The coming of Islam into South-East Asia is a major historic event, which decisively changed the culture and historical development of the Malay peoples. The first Muslim people came into the area probably in the 10th or 12th century, but the first political polities to proclaim themselves as Muslim (as opposed to individuals who may have been believers) did so in the 14th century. The earliest witness to this vital development is the Inscribed Stone of Terengganu. This is a granite pillar measuring 89 cm in height, 53 cm in width at the top and of 214.8 kg in weight. It has inscriptions on three sides (part of the inscription on the third side is no longer legible). These were written in Malay in 1303, using the Jawi script (a script derived from Arabic), and announced that the State of Terengganu was the first polity in East Malaya which had accepted Islam. It went on to say that Shari law was henceforth to be enforced and it gave in detail the penalties which would be enforced for adultery, and orders the payment of debts, and payments to charity.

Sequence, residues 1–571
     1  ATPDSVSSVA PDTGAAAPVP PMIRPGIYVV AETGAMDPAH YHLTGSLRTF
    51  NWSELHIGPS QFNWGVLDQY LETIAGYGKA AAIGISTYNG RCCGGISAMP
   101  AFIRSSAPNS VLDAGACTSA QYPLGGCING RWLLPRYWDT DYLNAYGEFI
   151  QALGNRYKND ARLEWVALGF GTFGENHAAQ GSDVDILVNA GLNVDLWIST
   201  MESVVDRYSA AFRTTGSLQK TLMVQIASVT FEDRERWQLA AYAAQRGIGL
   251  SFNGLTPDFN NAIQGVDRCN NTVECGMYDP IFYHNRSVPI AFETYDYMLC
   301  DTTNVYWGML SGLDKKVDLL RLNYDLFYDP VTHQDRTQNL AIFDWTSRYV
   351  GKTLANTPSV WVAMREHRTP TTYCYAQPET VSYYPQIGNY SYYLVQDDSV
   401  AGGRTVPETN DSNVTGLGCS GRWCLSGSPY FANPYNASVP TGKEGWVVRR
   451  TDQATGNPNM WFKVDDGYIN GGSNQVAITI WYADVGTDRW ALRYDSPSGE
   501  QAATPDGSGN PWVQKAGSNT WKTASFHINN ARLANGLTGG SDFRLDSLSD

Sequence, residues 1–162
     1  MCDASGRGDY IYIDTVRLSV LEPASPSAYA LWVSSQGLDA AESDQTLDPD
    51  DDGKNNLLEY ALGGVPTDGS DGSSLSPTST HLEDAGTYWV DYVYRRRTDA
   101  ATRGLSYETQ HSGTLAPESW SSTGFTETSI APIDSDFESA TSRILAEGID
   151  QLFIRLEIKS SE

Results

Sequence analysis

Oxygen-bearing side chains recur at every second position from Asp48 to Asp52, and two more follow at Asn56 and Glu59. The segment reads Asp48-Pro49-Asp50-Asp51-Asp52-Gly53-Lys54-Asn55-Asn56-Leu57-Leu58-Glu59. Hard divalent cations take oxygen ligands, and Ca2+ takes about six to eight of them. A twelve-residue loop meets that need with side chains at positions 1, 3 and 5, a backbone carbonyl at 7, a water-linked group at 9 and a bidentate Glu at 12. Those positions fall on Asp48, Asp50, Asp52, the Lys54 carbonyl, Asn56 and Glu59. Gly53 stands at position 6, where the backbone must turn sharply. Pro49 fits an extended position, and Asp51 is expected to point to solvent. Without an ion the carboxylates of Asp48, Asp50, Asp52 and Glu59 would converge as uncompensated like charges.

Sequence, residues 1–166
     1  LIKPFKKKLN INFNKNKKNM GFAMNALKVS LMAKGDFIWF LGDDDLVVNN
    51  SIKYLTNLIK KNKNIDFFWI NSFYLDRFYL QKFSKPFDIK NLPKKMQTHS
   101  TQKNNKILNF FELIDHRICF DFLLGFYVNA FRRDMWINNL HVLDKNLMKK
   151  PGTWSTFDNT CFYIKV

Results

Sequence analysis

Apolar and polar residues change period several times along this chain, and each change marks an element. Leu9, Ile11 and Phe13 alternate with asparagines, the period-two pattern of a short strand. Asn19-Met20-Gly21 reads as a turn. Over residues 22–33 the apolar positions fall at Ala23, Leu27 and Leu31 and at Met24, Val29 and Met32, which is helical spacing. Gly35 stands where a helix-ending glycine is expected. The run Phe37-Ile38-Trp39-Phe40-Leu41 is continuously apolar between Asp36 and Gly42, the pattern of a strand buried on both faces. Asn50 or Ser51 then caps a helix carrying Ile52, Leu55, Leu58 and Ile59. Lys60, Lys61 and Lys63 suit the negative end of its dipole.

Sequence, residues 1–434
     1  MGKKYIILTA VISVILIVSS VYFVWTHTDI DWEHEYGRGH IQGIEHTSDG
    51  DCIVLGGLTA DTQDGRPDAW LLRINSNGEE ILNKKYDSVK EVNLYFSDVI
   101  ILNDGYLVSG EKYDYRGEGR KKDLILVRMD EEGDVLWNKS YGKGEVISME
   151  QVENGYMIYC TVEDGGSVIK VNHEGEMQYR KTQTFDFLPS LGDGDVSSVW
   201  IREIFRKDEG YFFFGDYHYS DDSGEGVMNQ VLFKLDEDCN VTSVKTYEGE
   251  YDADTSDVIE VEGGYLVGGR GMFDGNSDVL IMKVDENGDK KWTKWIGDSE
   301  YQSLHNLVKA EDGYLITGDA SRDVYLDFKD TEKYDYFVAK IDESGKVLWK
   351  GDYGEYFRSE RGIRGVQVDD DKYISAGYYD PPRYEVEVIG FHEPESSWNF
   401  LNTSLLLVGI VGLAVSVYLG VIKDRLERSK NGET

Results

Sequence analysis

The inscription is the earliest surviving Malay writing in the Jawi script, which was to be the normal script for the writing of Malay for the next five hundred years, and as such, is important to the development of Malay culture. The Inscribed Stone was set up in the sea-port of Kuala Bering, which was, at the time, a major port-of-call and market for the entire East Coast of Malaya: the Stone calls on visitors to note the Sharia penalties now being enforced. Batu Bersurat Terengganu was inscribed on the International Memory of the World Register in 2009.